Thursday, November 1, 2007



Directed by Andrew Dominik, who previously made the nasty little movie CHOPPER with that incredible performance from Eric Bana, THE ASSASSINATION OF JESSE JAMES BY THE COWARD ROBERT FORD is a lyrical, brooding, atmospheric Western that gave me the goose bumps numerous times throughout its two and a half hour run time. With this film, Dominik has skyrocketed to the top of the list of young directors to watch. I might have expected a film of such power and force from an established filmmaker; I just had no idea that Dominik was capable of such a film. He must've gotten tons of big Hollywood offers after CHOPPER was released but I’m glad he waited. THE ASSASSINATION OF JESSE JAMES BY THE COWARD ROBERT FORD is a masterwork, the closest thing to a Terrence Malick movie that Terrence Malick never directed. I was reminded many times of Malick's most recent masterful achievement, THE NEW WORLD, while watching JESSE JAMES. There are stretches with no dialogue, a heavy emphasis on nature, and a poetic, meditative, lyrical tone. Stark and crisp in its visual ideas and always interesting on some informational level, the film is languidly paced yet never boring or restless.

THE ASSASSINATION OF JESSE JAMES BY THE COWARD ROBERT FORD is essentially a psychological study of a murder and a murderer, and it doesn’t play to the many cliché Western conventions that we’ve seen over and over again. Jesse James, played by an intensely focused Brad Pitt, is winding down his gun-slinging outlaw days in Missouri. His older brother, Sam Shephard, has had enough of him and James’s crew is growing tired, and rightfully scared, of James’s increasingly erratic behavior. Local politicians and lawmen want James and his gang brought to justice, so they recruit the weasel Bob Ford (Casey Affleck, in a career making performance) to ingratiate himself into James’s gang with the hopes of bringing him down. James finds Ford awkward and odd, yet for some reason allows him into his life and home. Meanwhile, the members of the James gang are all getting paranoid as they begin to feel that Jesse has them all in his sights; it’s house cleaning time. Not wanting to risk being ratted out, James sets out to kill every one of his followers so that nobody can double cross him. I am not spoiling anything to say that it’s too little too late, and by the time that Jesse’s fate is sealed, the audience is waiting with baited breath for the titular murder to take place on screen.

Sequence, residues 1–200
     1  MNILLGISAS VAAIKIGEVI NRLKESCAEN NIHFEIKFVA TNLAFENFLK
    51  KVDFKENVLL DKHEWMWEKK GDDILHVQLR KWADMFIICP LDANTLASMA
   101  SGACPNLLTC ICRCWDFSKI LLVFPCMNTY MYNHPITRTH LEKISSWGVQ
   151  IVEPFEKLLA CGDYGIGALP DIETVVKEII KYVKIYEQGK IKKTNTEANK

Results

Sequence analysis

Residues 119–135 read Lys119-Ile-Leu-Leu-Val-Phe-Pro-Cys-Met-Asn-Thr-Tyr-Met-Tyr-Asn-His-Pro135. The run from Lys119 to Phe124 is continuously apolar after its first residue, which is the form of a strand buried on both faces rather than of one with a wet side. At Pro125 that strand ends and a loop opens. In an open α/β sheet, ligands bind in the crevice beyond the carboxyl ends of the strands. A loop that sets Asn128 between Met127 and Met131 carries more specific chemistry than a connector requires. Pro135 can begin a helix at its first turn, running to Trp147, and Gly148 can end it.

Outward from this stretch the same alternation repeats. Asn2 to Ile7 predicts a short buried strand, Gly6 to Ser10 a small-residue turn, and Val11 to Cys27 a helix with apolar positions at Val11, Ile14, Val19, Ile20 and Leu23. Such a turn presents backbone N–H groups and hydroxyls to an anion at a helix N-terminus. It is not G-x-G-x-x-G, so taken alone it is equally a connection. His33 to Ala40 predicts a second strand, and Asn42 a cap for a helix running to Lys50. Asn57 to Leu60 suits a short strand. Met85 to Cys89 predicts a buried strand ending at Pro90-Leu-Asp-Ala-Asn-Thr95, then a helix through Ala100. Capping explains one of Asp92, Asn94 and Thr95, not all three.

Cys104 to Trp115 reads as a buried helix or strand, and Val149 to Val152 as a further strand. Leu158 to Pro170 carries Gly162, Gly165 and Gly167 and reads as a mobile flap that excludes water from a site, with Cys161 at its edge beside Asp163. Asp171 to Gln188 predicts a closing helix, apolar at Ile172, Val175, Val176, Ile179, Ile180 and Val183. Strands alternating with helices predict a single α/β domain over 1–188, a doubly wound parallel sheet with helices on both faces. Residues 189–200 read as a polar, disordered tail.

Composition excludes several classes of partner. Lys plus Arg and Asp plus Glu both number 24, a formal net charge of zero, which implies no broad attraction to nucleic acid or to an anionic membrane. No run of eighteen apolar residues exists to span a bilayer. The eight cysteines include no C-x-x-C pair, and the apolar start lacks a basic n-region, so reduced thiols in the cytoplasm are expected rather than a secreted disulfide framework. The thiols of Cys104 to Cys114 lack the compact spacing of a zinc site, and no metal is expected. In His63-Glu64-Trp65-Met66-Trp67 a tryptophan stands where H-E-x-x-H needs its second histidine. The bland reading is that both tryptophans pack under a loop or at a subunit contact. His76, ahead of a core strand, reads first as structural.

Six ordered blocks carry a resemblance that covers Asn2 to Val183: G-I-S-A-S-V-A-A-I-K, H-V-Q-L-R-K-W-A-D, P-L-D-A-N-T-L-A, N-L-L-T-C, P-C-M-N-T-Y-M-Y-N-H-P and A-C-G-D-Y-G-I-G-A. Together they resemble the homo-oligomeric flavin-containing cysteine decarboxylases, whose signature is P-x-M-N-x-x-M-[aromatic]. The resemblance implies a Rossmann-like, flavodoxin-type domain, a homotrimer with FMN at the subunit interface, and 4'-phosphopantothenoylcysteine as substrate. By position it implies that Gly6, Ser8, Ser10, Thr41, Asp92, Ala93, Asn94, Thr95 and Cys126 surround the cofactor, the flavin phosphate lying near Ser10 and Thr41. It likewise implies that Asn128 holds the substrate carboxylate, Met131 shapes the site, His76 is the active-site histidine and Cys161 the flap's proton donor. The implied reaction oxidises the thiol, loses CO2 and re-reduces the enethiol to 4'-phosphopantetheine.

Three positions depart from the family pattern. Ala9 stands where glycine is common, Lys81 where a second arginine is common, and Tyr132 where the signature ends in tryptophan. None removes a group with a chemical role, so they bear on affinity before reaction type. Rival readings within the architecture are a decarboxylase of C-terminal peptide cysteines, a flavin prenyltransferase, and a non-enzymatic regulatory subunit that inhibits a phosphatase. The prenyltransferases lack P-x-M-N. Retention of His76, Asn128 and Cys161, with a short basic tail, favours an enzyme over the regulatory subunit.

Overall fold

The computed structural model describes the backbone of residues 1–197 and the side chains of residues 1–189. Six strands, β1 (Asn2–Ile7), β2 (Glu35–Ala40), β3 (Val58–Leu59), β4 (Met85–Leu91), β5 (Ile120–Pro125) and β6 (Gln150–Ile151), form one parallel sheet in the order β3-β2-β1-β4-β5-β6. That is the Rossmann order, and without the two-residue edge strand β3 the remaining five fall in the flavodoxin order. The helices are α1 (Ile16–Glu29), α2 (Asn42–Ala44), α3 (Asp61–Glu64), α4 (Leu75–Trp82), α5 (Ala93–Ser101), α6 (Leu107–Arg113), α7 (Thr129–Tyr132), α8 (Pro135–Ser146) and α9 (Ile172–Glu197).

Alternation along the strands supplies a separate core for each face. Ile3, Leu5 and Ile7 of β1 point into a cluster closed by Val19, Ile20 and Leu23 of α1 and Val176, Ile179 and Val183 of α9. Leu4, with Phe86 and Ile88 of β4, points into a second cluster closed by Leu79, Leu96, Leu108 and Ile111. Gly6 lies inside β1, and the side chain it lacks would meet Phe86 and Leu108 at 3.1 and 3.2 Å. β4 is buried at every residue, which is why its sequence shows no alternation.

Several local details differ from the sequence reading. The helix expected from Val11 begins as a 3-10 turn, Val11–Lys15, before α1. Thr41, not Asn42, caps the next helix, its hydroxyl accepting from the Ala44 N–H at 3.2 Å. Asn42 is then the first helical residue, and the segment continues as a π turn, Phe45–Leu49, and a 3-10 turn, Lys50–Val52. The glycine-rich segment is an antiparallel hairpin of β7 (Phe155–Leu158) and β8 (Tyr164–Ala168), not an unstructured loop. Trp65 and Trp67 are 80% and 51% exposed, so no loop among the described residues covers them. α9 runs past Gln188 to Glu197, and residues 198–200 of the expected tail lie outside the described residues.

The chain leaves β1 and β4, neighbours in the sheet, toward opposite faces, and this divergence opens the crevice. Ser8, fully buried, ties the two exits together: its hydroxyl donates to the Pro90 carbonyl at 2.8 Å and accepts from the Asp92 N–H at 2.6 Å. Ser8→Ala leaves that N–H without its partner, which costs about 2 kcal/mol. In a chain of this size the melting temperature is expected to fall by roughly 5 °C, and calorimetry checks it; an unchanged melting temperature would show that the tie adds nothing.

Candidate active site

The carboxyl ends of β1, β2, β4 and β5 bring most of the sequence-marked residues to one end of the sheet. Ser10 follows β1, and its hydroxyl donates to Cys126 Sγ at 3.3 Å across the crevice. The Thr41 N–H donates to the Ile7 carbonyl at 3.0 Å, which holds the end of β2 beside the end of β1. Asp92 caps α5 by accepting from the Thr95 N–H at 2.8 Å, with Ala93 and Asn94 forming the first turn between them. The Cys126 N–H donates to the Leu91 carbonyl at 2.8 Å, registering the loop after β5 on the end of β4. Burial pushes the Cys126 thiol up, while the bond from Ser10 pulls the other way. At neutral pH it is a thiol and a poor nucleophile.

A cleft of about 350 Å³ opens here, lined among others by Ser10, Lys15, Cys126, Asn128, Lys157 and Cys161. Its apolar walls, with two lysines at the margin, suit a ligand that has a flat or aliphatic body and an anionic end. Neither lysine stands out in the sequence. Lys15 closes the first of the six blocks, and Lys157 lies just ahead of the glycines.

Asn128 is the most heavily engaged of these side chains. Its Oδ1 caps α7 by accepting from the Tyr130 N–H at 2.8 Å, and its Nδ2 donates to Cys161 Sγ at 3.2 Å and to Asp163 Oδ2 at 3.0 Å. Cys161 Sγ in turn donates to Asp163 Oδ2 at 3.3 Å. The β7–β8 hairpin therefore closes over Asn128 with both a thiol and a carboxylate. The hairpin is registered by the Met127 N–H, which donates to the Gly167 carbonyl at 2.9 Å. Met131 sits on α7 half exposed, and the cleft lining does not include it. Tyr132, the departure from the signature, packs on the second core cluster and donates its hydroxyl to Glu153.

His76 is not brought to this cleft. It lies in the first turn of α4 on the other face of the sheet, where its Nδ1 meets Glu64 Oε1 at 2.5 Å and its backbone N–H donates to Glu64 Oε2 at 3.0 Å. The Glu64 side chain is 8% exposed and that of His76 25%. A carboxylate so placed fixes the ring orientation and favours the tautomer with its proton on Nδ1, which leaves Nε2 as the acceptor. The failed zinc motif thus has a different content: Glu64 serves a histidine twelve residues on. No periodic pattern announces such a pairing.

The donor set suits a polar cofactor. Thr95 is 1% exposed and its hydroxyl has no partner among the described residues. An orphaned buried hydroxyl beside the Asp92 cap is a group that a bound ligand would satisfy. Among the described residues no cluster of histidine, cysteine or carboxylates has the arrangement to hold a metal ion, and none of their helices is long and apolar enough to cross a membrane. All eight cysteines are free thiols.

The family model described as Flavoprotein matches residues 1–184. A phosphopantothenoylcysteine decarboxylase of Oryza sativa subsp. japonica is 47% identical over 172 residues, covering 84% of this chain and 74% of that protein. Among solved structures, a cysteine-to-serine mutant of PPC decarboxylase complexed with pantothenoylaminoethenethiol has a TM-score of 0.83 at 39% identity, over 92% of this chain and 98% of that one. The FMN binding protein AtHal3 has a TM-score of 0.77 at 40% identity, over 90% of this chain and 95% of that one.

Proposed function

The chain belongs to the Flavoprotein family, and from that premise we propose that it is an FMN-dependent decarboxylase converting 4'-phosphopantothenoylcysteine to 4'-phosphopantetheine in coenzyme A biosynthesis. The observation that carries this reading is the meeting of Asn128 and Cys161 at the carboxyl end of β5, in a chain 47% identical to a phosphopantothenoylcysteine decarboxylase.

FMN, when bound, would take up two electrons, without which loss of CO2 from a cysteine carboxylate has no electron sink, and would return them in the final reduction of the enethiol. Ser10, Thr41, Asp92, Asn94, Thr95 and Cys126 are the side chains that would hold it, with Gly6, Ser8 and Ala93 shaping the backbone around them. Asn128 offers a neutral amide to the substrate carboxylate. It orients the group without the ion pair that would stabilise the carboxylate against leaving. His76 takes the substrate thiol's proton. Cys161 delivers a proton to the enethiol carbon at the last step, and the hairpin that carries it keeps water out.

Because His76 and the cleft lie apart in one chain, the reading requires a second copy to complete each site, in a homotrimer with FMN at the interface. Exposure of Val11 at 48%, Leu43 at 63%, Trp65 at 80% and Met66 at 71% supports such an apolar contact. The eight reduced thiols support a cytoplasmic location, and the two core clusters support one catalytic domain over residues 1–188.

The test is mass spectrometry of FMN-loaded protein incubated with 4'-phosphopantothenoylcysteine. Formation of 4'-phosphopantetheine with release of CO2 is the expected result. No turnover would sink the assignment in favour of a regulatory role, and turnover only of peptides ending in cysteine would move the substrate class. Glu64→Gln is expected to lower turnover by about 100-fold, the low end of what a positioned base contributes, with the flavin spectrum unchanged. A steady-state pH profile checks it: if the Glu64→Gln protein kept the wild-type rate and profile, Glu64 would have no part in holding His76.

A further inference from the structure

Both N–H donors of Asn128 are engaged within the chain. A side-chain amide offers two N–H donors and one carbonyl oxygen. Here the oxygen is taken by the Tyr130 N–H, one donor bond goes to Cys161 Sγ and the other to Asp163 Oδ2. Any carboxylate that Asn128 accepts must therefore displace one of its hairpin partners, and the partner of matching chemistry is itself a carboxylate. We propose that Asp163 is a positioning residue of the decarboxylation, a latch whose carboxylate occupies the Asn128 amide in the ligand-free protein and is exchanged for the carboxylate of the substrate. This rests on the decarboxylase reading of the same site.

Affleck is absolutely amazing as Ford. It’s a highly specific and tightly coiled performance that is the definition of the phrase “slow burn.” I hadn’t thought much of him as an actor but that all changed while watching his magnetic performance in this film. He has a very, very tough character to portray, playing a deeply unsympathetic man who the audience knows will end up killing Jesse James at some point in the narrative. Affleck brings a strung-out, beaten-down quality to the character of Ford, and as the movie progresses, you watch as he becomes more confident of himself, and how he starts to believe in his own madness. It’s an Oscar-worthy effort that will probably get overlooked due to the miniscule box office returns that the film is accumulated.

Pitt, owning the role of Jesse James, brings a cocky swagger and a brutish masculinity to the tale that is awesome to behold. It’s one of the best performances of his underrated career. Just watch the way the Pitt slowly smokes his cigars and methodically moves his head and eyes. One scene, in which Pitt is seen sitting in a rocking chair in his back yard with a couple of rattlesnakes slithering over his forearm, is as creepy as it is profoundly majestic. There is a brazen, cavalier attitude to the performance; Pitt knows that Jesse was a psychopath and he doesn’t allow the audience the chance to warm up to him. Pitt is a movie star giving a totally un-movie star performance. In reality, Jesse James was a legend, a pseudo-celebrity before the era of tabloid magazines and paparazzi. So having an actor of Pitt’s stature playing him is a genius stroke of casting in and of itself.